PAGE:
In this post I’m going to show how we re-import our completed report back to our SQL Server table using the SSIS Unpivot component.
It may be me, but as yet I haven’t seen too much written about the SSIS pivot and unpivot components.
Whilst they are not the easiest to configure, when faced with the option of importing to SQL Server and using a UNION or the new PIVOT clauses, I actually prefer the SSIS component.
Rather than actually explain the component, I thought it might be useful to go through a real example, so here goes…
We try to avoid SQL Server user-defined functions unless we can be certain that there is no other way to achieve what it is we’re asking of them. They aren’t very performant as they calculate on a row by row basis rather than the set based operations that our esteemed RDMS is renowned for.
Having said this I am going to post a table function I created recently for use as part of an SSIS import package that transforms an incoming single row CSV into roughly 100 records each time it runs.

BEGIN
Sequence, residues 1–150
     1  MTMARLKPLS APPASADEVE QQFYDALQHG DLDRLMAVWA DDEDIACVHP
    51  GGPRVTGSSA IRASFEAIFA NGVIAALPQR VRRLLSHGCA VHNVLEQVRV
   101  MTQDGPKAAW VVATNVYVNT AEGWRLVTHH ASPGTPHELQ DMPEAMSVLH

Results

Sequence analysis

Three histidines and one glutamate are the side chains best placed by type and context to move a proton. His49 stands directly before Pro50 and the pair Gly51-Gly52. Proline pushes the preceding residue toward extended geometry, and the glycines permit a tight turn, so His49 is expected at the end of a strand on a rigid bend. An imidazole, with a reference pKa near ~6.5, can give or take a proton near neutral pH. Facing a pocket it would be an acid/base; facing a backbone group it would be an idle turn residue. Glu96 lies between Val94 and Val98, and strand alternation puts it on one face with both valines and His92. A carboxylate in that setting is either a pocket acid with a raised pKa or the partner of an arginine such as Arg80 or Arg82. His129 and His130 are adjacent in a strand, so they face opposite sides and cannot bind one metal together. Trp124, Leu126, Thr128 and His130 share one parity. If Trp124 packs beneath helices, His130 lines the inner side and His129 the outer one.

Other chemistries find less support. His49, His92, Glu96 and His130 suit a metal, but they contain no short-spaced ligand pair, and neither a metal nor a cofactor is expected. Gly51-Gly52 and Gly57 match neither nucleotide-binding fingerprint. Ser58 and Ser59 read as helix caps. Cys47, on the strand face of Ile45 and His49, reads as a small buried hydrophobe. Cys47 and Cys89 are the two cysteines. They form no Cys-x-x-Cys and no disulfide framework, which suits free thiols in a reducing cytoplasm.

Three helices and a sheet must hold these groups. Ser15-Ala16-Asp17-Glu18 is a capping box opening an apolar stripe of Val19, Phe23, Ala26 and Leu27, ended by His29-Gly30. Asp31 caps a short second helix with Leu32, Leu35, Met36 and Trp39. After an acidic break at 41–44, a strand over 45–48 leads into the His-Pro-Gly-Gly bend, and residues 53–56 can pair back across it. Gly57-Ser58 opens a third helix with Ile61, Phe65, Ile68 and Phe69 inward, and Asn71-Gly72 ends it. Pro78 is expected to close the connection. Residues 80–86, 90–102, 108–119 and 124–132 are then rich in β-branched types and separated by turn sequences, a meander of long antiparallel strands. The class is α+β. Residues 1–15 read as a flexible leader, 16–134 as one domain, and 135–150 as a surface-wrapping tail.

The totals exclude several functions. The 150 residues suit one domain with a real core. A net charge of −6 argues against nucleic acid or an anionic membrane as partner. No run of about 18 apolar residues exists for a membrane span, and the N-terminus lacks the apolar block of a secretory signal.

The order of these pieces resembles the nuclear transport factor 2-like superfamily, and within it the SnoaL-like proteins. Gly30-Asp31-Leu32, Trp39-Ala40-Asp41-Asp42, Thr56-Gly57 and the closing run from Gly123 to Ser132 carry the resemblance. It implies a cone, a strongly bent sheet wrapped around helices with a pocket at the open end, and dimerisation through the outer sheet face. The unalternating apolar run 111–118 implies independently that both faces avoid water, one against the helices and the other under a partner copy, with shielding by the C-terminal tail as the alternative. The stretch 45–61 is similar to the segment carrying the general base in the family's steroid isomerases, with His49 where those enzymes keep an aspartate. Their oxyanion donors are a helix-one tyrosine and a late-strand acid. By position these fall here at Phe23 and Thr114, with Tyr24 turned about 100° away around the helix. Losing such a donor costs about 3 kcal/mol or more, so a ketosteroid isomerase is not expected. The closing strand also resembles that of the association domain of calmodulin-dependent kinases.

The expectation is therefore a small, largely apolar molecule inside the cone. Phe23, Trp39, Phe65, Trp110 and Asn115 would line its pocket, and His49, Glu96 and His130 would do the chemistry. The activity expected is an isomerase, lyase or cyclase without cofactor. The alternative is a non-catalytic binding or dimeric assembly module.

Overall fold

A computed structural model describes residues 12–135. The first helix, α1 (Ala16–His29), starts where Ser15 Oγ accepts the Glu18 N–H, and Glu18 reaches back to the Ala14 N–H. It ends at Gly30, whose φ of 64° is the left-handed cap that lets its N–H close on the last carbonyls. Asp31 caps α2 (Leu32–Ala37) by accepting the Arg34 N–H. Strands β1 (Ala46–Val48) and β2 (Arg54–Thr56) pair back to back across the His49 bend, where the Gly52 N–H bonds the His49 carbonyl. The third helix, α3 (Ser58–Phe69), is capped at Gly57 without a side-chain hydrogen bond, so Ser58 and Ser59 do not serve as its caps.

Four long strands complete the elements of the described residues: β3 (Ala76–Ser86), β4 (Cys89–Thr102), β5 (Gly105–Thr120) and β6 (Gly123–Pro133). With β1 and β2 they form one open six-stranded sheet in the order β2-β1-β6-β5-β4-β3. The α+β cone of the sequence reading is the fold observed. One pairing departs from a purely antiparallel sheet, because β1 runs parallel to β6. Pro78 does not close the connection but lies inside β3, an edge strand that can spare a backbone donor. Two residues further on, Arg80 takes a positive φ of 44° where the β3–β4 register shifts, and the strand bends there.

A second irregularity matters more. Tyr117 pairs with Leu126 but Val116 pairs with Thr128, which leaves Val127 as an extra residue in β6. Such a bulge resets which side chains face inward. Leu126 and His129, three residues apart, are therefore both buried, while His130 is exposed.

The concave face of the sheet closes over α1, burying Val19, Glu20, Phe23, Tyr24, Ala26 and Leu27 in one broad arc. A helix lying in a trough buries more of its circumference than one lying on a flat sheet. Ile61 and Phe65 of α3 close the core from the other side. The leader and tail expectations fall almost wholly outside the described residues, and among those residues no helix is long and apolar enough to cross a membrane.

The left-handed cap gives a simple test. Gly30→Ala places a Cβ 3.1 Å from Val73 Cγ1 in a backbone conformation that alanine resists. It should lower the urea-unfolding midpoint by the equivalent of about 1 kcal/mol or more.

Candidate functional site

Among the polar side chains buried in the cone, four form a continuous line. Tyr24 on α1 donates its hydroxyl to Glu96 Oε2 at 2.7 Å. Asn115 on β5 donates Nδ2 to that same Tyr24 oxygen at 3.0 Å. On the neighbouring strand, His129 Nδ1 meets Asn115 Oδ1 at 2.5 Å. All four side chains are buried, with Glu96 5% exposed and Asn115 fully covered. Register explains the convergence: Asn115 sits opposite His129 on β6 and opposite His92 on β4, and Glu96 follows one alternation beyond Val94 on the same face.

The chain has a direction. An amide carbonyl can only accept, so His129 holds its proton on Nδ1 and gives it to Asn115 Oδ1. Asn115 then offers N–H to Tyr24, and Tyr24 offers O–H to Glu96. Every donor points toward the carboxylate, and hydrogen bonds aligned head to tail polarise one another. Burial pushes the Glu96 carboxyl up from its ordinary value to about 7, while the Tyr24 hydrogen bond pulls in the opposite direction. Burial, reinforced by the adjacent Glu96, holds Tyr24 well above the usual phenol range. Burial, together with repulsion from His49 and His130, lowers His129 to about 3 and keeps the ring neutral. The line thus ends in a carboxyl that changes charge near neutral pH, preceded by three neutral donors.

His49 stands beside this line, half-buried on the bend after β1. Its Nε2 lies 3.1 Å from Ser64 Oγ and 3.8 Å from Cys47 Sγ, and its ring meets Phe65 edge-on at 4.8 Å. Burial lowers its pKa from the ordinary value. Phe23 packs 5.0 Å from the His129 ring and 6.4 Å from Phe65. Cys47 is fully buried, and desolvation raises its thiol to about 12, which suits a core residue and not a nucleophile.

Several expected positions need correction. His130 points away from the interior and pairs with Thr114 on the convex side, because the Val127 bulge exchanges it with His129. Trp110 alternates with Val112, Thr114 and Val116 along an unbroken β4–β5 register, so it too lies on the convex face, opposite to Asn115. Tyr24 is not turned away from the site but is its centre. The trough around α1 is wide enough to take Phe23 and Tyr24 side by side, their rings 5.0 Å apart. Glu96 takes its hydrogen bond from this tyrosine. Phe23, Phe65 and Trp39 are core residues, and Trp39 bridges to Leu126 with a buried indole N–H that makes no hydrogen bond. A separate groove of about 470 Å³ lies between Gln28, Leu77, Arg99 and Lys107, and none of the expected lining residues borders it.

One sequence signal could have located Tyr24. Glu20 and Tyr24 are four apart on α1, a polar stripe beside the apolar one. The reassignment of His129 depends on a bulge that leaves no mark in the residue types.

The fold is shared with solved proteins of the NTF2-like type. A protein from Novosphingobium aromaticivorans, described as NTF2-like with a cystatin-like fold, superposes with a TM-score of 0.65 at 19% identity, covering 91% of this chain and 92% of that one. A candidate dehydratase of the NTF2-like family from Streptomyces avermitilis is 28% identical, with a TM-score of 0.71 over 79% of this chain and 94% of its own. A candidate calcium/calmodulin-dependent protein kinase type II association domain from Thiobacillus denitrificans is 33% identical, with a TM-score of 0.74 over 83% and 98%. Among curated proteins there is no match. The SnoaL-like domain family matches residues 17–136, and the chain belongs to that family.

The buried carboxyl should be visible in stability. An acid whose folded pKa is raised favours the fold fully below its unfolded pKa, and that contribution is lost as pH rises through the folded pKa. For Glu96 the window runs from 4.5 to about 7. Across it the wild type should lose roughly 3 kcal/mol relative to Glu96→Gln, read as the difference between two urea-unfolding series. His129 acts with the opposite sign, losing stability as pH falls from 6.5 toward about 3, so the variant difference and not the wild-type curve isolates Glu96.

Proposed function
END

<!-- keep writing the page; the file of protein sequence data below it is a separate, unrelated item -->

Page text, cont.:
The content team in our organisation faces the soul-destroying task of entering records as well as comma delimited strings on to an Excel spreadsheet which in turn is imported into 2 SQL tables.
There is no straight forward way to split the csv string into a SELECT list, but here is what I have done…
Ever been stuck trying to figure out what people are doing on your server, but unable to tell from DBCC InputBuffer what statements the users are running? This is one of the most useful scripts I’ve come accross and helps enormously when trying to analyse what is happening on your SQL Server.
It is often the case that users will query your database with tools like MS Access or Business Objects which are quite difficult to track. Well this useful tool helps to solve that problem…